Remember this when your art is judged

Creativity takes courage! The whole art journey requires courage: courage to make time for your art, courage to fill a blank canvas, courage to express your inner self, courage to share your art, courage to try something new, etc. 

You can go from creating original pieces of art that bring you joy to wanting to share it with others. One of the ways I share my art in my community is by entering juried shows. These are art shows where you submit your work and and a person or panel will judge your work in order for it to be included in the exhibit.

 

I was first introduced to the juried show through a friend. It was 2002 and I had just moved to the Princeton area from Munich, Germany the previous year. My friend knew that I painted and said really casually "Hey, do you want to enter an art show? The whole community is invited to participate." So without a thought I said, "Sure, why not?" Not "over thinking it" was probably the best thing that I did. I just picked a piece that I was proud of and submitted. 

The painting was called "Rest" - something I was deeply longing for when I painted it. It got in the show and I was overjoyed! 

REST BY MIC BOEKELMANN 2001

REST BY MIC BOEKELMANN 2001

A couple of months later, another show came up and I entered. My piece was rejected.

Since then I've entered more shows and my buddies, acceptance and rejection, have become a regular part of my story. I've learned how to deal with it. 

SUBMITTING A PIECE AT THE PHILLIPS MILL, 2014.

SUBMITTING A PIECE AT THE PHILLIPS MILL, 2014.

Entering juried shows - the mental part:

  • Be proud of your art. Pick the best of your artwork. (When I started I didn't have much to pick from, sometimes I only had one piece that was ready and that's the one I chose - easy! Even if I got rejected, I was still proud of my piece. 
  • You've already won at your easel. Juried shows are always a bonus. 
  • If your piece doesn't get in, you're permitted ONE day to be bummed and to receive uplifting comments from the people who have your back. After getting rejected by the Smithsonian, I looked over my laptop and told my son "Yup, I got rejected." He said: "Hey, what does the Smithsonian know? They missed out."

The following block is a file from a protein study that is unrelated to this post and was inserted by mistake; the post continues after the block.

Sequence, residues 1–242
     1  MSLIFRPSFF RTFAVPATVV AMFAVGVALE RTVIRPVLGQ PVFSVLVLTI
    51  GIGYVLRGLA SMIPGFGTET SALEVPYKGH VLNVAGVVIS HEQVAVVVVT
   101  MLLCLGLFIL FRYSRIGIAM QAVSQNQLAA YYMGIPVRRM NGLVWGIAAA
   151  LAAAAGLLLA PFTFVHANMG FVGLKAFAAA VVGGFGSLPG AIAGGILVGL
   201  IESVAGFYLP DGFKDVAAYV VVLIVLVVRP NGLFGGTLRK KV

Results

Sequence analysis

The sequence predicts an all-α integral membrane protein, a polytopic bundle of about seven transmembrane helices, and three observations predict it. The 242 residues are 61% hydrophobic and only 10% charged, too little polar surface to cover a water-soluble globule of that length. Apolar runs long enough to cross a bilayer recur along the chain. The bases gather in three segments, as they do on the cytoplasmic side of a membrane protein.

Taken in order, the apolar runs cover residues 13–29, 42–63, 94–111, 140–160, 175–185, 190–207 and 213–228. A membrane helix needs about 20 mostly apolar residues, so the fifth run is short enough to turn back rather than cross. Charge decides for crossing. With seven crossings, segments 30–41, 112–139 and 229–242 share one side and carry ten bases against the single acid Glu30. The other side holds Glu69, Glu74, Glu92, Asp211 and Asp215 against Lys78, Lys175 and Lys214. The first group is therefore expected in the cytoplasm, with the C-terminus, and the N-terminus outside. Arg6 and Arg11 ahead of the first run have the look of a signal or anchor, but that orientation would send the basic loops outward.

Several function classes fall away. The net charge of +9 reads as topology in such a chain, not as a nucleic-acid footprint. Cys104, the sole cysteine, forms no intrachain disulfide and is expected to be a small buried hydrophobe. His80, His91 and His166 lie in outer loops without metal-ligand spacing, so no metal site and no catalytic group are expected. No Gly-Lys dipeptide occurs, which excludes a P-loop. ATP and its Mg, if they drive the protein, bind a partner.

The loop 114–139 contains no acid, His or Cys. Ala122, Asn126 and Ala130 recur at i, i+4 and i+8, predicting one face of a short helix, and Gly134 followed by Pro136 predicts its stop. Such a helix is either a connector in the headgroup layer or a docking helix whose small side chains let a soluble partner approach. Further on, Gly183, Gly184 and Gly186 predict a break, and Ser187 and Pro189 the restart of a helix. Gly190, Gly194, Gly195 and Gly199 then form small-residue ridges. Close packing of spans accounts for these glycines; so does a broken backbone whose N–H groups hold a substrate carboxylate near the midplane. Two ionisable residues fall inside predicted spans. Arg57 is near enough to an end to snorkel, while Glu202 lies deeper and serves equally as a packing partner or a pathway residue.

And my life continued! 
  • Don't analyze the whole thing to death. Your only responsibility is to do your best, show up and share your work.

Talk about not staying in the comfort zone with your art! Unless you are hiding art in the attic or the basement for no one to see, you will not encounter judgment of your art. That's staying in the safe zone -  who wants that? But if you believe that art needs to be shared so that you and others can experience it fully, then judgment will be inevitable.  

Tips on entering shows - the practical part:
1. Look for shows online (google juried show, paintings, your area), check out local artists and see what shows they've entered (mine are on my About Page - scroll all the way down), or scan the art section of your newspaper.

2. Write down important dates on your calendar: submission, rejection pickup, opening reception, end of show pickup.

3. Make sure you follow all the guidelines of the show - size, frame, ready to hang, digital submissions, etc.

4. If entering multiple shows, it helps to map them out on your calendar ahead of time. I usually plan most of the shows I'd like to enter in January, so I don't forget when the date comes around. 
 

THE big picture

Face it. People will judge your art. Some people will like it, some people won't and that's ok. Do you like it? Are you proud of it? You don't have to wait for someone's approval to be a winner.
Remember this when your art is judged: You've already won at your easel. 
All the other compliments you will receive is a bonus. 
 

take action

Look for a local show, engage with your community and share your art!